In a world where the reduction of waste is becoming central for the national agendas, many African Countries get often under the spotlight. Their growing economies, together with the exponential rise of their population and consumption, put at the center of the debate the need of developing proper waste management systems.
No exception for Tanzania, where the National Bureau of Statistics estimate an urban waste production of 10 tons per day, 90% of which are not collected. 60% of these waste come from private consumption and, without a proper waste management system in place, they are either buried or burnt (source:Tanzania National Bureau of Statistics).
Just few days ago, the Government announced a huge investment, with the support of the government of Netherlands, to create a modern collection site in Dar es Salaam. This action, together with the ban of the single-use plastic bags announced and implemented last year, may be considered as a good step ahead. However, as much as all these initiatives are of high relevance, the efforts put by private companies and enterprises to bring an impact are also important.
In these past few years I have been following with great interest some few projects and businesses related to recycling in different sectors. One of the biggest and most common ground of action is the recycling and upcycling of waste for the production of home décor and accessories. Among the producers in this area there are the well-known “Chako” and “Made by Africraft”, both working with glass, wood and plastic and recently knowing the footlights in the international market. Worthy to be mentioned is also “The green room”, a local company working with hundreds of local artisans and promoting an environmental-friendly lifestyle. Among the other things, they design and produce wonderful furniture collections completely made of recycled wood.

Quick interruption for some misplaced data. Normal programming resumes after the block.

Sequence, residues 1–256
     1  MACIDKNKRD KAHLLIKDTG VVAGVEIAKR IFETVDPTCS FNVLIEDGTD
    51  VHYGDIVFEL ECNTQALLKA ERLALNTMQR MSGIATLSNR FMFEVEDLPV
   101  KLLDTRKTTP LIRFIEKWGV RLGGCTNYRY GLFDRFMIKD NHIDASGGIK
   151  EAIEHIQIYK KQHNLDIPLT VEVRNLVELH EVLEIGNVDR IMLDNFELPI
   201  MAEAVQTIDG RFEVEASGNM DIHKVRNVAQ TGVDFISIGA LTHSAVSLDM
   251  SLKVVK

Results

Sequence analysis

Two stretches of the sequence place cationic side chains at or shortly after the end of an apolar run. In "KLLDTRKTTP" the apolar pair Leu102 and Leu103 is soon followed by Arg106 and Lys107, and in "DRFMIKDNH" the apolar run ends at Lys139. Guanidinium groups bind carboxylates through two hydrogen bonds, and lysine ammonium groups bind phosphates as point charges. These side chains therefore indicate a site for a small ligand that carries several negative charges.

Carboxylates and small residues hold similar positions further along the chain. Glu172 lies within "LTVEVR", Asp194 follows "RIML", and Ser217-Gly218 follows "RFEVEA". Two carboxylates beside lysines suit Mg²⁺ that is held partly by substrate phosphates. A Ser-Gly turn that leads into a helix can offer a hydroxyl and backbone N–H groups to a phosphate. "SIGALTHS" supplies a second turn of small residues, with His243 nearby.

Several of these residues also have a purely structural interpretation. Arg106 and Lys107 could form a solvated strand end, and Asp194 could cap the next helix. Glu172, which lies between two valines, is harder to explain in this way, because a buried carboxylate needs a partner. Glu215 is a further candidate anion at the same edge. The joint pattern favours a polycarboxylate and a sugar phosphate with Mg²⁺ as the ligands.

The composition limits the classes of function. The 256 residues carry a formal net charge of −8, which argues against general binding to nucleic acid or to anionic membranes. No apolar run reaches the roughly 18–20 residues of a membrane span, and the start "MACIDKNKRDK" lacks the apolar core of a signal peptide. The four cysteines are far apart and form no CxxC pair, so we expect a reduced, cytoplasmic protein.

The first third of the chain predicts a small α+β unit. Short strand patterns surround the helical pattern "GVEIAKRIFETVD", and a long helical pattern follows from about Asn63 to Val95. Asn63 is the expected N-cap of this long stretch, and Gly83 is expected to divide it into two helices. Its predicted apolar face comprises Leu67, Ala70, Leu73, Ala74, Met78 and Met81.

But among the stories that have really aroused my curiosity, there is the one of “Arena Recycling”: Hellen, the founder, is a very young Tanzanian lady who has started a business for producing building supplies (mainly building blocks and outdoor tiles) having as main raw material the plastic bottles, collected in the roads of Dar es Salaam. Her production center has started to expand and currently she has also settled a collection point for plastic bottles.
These are just few example of a sector that is attracting the attention of more and more stakeholders day after day. However, we are still quite far by the promotion of a real virtuous circle: the reduction of production of plastic, rather than its reuse, surely is a key point (worldwide, indeed!). And this may constitute a great opportunity, here in Tanzania: the scarce availability of packaging, that currently is one of the threat for the development of the agrofood industry, may become an opportunity if someone will be able to develop and produce on site environmental-friendly packaging.